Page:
The Hawker Sea Hawk is a British single-seat jet day fighter formerly of the Fleet Air Arm, the air branch of the Royal Navy, built by Hawker Aircraft and its sister company, Armstrong Whitworth Aircraft.
Although its design originated from earlier Hawker piston-engine fighters, the Sea Hawk became the company’s first jet aircraft.
The F 1 was armed with four 20 mm (.79 in) Hispano Mk V cannons.
It was powered by a 5,000 lbf (22 kN) thrust Rolls-Royce Nene 101 centrifugal flow turbojet engine.
The Nene engine was viewed as underpowered; in 1950, the government had cancelled development of the Rolls-Royce Tay, an afterburner-equipped development of the Nene, leaving no more powerful engines to equip the Sea Hawk.
More minor developments of the Nene engine were developed and were adopted on the aircraft, providing for some increase in power.
The F 1 had a maximum speed of 599 mph (964 km/h) at sea level and a range of 800 mi (1,287 km) on internal fuel.
A more refined fighter variant was the F 2, which introduced power-boosted aileron controls as well as other modifications, including to its structure.
The next variant of the Sea Hawk was developed into a fighter-bomber, the FB 3, and differed only slightly from its predecessors; its structure being strengthened to allow it to carry a wider array of equipment and weaponry on its four hardpoints, these included rockets, bombs, napalm, mines, reconnaissance cameras, external drop tanks and fixtures for rocket-assisted take-off gear (RATOG).
Unlike its rival, the Supermarine Attacker, which had been the first jet aircraft to enter service with the FAA, the Sea Hawk had a tricycle undercarriage rather than a tailwheel, making it easier to land on carriers, it was also Hawker’s first aircraft to incorporate a nose-wheel undercarriage.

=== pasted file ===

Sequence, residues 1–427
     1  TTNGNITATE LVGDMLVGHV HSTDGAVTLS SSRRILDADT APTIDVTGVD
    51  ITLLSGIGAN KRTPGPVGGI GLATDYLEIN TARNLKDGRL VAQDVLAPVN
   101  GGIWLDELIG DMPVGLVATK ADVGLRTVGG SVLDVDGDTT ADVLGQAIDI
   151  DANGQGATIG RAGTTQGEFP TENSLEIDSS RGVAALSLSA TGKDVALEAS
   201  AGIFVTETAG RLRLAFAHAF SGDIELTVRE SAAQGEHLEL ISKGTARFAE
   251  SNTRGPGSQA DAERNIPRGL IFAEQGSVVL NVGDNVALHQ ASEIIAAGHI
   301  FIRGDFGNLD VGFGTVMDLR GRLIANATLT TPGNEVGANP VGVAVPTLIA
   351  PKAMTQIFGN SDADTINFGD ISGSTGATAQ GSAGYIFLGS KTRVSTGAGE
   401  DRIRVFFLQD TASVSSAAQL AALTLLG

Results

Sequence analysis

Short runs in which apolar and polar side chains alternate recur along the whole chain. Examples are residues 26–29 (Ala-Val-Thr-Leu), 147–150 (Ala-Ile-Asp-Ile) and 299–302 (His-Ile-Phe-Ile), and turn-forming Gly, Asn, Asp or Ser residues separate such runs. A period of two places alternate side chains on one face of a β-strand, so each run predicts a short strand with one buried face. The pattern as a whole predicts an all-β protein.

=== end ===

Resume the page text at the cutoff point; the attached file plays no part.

The Sea Hawk had adopted a fairly conventional design, being built with straight wings while a number of other contemporary aircraft, such as the F-86 Sabre, had adopted swept wings.
The Sea Hawk was a reliable and elegant aeroplane, though its cautious design meant it would only be attractive on the export market and be in production for only a short period before being superseded by more advanced aircraft.
Prototype first flown at Boscombe Down on 2 September 1947, later converted to a P.1072
Navalized prototype to specification N.7/46 first flown at Farnborough 3 September 1948.
Second Naval prototype first flown at Farnborough 17 October 1949.
Sea Hawk F1
Production fighters powered by a Rolls-Royce Nene Mk 101 engine, 95 built
Sea Hawk F2
Production fighter with powered ailerons; 40 built by Armstrong Whitworth.
Sea Hawk FB 3
Fighter-bomber variant with stronger wing for external stores, 116 built.
Sea Hawk FGA 4
Fighter/Ground attack variant, 97 built.
Sea Hawk FB 5
FB3 fitted with the Nene Mk 103, 50 conversions.
Sea Hawk FGA 6
FGA4 with the Nene Mk 103, total of 101
Sea Hawk Mk 50
Export variant based on the FGA 6 for the Royal Netherland Navy, 22 built.
Sea Hawk Mk 100
Export variant for the West German Navy, similar to FGA 6 but fitted with taller fin and rudder; 32 built
Sea Hawk Mk 101
All-weather export variant for the West German Navy, as Mk 100 but fitted with a search radar in an under-wing pod, 32 built.